In the wetter areas of the bioregion, strongly acid, well-drained gradational soil profiles rich in organic matter are found. Soil textures on Cretaceous sandstones and mudstones are moderately heavy, while those on Tertiary sediments range from sands to clay loams (Pitt 1981). Climate of the Otway ranges is generally cool and wet. Rainfall varies from 800 to 2000 mm per annum across the bioregion, with a strong seasonal peak in winter and the highest rainfall levels close to the main ridge (elevation between 500-700m). This ridge is frequently shrouded in mist and hence often has high humidity. The warmest months are January and February with mean daily maximum temperatures ranging from 21 to 25ºC. In the coolest months the mean daily maximum is as low as 9ºC and the mean minimal range from 3 to 7ºC. The coastal areas tend to have a milder climate, with fewer frosts and less temperature variation between winter and summer. A number of regionally important rivers originate in the Otway ranges and eventually flow to the sea including the Gellibrand, Ford, Aire, Parker, Barham, Barwon, Kennett, Cumberland and Erskine Rivers.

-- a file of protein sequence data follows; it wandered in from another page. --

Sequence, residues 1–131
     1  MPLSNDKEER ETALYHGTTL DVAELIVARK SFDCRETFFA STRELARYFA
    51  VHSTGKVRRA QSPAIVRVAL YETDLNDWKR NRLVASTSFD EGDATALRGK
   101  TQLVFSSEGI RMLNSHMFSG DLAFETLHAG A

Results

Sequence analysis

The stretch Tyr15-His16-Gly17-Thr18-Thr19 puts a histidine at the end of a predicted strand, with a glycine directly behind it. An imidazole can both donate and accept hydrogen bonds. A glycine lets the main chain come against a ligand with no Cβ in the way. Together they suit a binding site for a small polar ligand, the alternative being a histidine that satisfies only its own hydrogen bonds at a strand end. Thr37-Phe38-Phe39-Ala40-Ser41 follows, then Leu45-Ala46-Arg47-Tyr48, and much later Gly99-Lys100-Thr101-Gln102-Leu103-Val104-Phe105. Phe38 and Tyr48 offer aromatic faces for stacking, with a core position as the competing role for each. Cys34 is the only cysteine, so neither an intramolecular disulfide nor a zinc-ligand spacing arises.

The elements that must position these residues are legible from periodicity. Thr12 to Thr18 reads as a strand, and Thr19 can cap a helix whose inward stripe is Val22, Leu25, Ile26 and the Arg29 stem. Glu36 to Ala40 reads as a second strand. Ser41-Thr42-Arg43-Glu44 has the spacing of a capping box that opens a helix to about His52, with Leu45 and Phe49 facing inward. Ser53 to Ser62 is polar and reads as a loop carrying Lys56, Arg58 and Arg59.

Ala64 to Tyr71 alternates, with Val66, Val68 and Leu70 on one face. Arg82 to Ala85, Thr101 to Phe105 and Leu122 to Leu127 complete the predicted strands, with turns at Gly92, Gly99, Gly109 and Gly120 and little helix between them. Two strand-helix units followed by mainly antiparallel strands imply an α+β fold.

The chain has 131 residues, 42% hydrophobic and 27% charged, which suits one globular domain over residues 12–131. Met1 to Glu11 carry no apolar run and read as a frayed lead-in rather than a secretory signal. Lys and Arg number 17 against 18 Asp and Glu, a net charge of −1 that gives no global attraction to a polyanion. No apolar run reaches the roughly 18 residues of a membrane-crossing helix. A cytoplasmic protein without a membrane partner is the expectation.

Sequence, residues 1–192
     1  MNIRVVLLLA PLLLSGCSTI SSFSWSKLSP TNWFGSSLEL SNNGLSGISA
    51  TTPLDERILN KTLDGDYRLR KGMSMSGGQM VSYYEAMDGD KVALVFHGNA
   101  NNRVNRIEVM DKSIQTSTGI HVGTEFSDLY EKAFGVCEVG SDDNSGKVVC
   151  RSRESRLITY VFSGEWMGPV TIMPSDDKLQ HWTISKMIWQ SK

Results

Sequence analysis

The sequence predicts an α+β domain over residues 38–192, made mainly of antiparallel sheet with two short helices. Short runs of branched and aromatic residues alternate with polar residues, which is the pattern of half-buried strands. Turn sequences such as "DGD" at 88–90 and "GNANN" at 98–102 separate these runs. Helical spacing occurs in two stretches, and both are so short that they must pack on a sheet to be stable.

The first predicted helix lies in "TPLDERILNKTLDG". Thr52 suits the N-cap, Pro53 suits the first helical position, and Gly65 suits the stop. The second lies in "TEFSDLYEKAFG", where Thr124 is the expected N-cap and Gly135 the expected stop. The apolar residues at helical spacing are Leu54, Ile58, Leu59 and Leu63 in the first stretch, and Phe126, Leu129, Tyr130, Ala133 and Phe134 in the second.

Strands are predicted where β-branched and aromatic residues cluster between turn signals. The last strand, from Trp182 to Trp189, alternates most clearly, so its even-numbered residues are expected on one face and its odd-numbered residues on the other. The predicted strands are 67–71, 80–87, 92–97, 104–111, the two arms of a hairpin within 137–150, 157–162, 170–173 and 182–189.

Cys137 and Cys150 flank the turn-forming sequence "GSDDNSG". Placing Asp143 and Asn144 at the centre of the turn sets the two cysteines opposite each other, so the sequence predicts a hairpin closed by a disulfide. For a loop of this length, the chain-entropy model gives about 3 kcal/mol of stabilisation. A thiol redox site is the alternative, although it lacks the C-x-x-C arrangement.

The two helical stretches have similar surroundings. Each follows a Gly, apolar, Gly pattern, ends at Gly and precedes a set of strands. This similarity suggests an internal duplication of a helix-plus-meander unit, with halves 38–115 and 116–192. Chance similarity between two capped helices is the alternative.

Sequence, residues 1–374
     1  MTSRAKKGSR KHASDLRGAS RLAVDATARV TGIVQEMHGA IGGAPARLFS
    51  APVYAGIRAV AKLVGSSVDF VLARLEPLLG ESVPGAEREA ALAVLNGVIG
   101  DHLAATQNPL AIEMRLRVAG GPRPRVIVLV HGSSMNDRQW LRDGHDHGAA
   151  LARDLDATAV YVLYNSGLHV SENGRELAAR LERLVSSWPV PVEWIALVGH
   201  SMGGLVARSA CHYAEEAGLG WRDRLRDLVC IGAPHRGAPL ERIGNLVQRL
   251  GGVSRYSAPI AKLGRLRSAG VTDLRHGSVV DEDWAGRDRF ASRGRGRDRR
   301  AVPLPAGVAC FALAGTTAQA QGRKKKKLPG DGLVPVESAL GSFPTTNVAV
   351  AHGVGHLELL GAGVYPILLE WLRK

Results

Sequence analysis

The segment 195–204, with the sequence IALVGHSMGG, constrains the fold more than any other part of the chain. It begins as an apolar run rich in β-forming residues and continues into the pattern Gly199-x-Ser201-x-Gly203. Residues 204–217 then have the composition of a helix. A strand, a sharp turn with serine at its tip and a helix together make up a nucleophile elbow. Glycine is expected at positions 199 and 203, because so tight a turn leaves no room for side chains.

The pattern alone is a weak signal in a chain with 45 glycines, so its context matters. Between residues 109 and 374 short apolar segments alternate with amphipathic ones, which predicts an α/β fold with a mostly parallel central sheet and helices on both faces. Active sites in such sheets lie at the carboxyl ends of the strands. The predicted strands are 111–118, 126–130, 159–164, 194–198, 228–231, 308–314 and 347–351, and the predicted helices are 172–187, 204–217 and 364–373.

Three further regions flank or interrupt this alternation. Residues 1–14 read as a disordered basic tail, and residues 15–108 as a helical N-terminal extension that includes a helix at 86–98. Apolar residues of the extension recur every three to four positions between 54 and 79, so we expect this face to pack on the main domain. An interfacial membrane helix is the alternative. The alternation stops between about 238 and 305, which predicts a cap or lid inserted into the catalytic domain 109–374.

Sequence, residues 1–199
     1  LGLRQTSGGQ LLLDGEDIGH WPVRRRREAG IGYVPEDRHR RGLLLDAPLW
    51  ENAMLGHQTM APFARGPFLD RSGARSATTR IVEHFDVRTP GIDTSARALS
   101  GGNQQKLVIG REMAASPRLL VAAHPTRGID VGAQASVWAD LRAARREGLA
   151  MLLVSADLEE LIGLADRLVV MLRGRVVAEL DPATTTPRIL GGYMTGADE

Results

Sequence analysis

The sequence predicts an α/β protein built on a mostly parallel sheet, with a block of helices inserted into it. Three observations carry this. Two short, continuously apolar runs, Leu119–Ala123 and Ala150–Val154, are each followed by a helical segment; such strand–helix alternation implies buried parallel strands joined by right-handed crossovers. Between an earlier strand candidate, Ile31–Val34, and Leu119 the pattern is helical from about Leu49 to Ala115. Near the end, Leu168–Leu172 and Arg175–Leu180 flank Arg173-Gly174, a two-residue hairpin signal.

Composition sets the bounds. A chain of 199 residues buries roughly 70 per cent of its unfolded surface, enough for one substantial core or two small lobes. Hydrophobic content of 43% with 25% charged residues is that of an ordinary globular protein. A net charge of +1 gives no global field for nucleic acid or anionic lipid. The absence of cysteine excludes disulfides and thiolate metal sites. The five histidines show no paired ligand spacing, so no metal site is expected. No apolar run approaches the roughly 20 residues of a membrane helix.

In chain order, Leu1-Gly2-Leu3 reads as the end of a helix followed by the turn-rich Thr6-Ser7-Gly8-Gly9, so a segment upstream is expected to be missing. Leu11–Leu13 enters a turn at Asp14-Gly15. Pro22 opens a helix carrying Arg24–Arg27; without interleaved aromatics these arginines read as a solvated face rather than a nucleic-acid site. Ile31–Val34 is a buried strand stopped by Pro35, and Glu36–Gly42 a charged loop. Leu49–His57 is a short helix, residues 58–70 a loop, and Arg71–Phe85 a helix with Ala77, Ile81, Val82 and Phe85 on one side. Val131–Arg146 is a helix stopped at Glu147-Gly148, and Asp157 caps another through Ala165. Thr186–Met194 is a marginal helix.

Robinvale Plain, located in the north west of the state, is predominantly a narrow gorge confined by the cliffs along the Murray River - which is entrenched within older up-faulted Cainozoic sedimentary rocks. Alluvium deposits from the Cainozoic period gave rise to the red brown earths, cracking clays and texture contrast soils (Vertosols, Chromosols and Sodosols) this supports Riverine Grassy Forest and Riverine Grassy Chenopod Woodland ecosystems.